Flour fortification - can it stand up to the heat?
January 01, 2004
by Emily Buckley
The following letter is in response to the October 2003 article, "Flour Fortification — still a long way to go," which was a part of the IGC Conference coverage, and can be found on page 56 or online with E-Archive #67451.
Your article on flour fortification in the October 2003 World Grain magazine is of interest. After we had introduced fortification of our maize meal some years ago, the Ministry of Health in Zimbabwe raised a number of queries on how effective fortification was, based on the heat which would be applied in cooking the food after fortification. If I remember correctly the comment they made was to the effect that almost all the additives being introduced would be destroyed if cooked at temperatures higher than 80°C (176°F) for a very short period of time. Samples were sent to Switzerland for testing, but the results were inconclusive.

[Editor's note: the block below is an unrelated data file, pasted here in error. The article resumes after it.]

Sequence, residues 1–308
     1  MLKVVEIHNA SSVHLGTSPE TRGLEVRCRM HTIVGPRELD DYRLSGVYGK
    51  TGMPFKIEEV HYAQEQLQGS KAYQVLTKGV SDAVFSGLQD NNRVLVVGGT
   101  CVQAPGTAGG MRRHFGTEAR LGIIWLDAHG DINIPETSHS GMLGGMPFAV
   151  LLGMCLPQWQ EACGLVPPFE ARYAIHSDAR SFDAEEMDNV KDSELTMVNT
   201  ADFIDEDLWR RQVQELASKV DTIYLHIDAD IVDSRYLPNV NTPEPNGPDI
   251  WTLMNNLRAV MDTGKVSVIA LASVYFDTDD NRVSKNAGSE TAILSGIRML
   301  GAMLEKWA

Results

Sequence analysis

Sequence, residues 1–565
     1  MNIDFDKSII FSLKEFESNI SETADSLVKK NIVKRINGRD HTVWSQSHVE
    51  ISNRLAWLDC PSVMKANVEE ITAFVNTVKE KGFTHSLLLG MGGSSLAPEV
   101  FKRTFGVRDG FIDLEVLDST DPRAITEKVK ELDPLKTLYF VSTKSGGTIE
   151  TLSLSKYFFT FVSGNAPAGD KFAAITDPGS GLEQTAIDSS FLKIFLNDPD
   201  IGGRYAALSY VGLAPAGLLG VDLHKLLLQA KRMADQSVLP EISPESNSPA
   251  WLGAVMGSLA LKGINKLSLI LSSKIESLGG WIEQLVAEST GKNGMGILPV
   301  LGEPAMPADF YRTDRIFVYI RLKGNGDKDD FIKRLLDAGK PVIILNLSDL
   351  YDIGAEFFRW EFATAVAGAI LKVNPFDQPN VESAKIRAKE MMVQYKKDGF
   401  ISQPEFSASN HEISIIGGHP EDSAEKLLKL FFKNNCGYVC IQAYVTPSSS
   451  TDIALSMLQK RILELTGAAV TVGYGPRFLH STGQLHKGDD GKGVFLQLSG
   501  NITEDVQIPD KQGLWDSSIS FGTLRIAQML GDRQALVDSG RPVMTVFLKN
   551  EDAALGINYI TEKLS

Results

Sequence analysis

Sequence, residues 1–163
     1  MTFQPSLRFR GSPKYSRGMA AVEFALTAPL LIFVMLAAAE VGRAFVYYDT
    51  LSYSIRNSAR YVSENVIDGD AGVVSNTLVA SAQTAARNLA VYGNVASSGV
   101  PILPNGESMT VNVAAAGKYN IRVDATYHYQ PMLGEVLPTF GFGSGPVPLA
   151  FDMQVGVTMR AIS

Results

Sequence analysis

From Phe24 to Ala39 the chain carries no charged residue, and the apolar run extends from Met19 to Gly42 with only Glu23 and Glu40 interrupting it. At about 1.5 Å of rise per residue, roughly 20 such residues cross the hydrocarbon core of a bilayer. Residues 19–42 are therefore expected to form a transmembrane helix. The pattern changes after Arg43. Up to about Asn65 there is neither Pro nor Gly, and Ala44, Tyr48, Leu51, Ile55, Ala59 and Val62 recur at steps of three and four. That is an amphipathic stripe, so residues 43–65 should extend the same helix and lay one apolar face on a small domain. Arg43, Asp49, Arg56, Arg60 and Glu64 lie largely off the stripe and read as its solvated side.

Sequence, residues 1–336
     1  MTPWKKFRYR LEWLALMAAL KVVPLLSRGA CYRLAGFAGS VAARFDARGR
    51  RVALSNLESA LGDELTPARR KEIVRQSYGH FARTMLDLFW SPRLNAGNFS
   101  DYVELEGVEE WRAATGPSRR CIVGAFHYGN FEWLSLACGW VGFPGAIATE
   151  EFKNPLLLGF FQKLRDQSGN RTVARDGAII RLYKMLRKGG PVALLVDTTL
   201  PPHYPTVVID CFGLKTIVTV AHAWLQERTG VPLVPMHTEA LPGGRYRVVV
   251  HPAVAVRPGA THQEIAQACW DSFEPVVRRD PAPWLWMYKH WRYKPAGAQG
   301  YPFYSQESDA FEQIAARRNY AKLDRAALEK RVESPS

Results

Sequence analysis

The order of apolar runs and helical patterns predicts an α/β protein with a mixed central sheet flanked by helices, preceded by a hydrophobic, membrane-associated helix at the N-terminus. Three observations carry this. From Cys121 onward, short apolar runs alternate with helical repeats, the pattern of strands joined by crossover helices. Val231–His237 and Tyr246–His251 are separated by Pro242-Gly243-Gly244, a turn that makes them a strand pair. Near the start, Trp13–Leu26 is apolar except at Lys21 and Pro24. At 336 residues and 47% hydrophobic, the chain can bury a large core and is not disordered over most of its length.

We have continued fortifying the maize meal but have been hesitant to introduce it in other products in view of the questions asked and never satisfactorily answered. Salt iodization was viewed in a different light as it is normally added after cooking and the question of destruction of the iodine benefit was never raised.
Perhaps you would care to enlighten us as to the effect of cooking temperatures and cooking times on the fortification additives you listed.
Director, Household Manufacturing
National Foods Ltd., Harare, Zimbabwe
(operates 12 flour and maize mills)